Thursday, July 24, 2014

How speculative does 'speculative fiction' have to be, or should I have had the tortoises shooting lasers?

From time to time, I write short stories involving animals doing vaguely humanlike (although not quite human) things.  This began with a story called "2 Frogs" in which the 2 titular frogs discussed one frog's invention of a new word, and has continued through "7 Pigs," prompted by an Andrew Leon quote about bacon, "5 Chickens," "Bear" and, most recently, "3 Tortoises."

The latest, "3 Tortoises," I submitted to a website for publication, as I do with all my short stories now.  I won't name the publication, because I'm not trying to pick a fight with them, but I will share the rejection they gave me:

Hi Briane This doesn't appear to really be speculative fiction, so we can't accept this submission. cheers 

The rejection itself didn't surprise me; despite a run of success in which I had three stories published for pay in June 2014, rejection is still the norm for most of my stories.  (Actually, the norm is not hearing back from people for a long time.)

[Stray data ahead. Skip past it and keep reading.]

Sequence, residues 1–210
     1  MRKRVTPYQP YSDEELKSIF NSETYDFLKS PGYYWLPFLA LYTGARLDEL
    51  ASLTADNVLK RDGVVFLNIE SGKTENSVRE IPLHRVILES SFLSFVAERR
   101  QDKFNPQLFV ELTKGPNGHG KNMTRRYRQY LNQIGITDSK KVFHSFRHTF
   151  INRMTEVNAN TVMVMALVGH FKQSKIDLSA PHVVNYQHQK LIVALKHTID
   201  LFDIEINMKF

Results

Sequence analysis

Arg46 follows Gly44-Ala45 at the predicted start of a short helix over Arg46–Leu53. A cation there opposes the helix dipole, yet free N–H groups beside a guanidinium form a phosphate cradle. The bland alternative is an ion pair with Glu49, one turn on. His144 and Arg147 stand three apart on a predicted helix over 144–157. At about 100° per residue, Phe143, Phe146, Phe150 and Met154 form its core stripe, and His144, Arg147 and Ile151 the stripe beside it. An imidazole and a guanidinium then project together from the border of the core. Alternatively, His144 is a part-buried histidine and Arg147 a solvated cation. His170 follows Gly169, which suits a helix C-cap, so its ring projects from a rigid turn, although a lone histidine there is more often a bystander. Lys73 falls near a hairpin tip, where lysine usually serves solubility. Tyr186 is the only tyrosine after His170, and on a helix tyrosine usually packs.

But I was surprised that a story about talking, thinking tortoises was deemed to be not really speculative fiction, and so although ordinarily I would publish the story somewhere down the line on my own blog, I am going to share it with IWM readers to help decide just how speculative fiction must be to qualify.

The cover took me WEEKS.
This was actually a debate that began during A To Z month, when one of our featured books was my collection of short stories Just Exactly How Life Looks, which I described in a comment as being more literary than sci-fi or spec fic, and I finally settled on magical realism, which fellow IWM-er Rusty Carl took issue with, saying: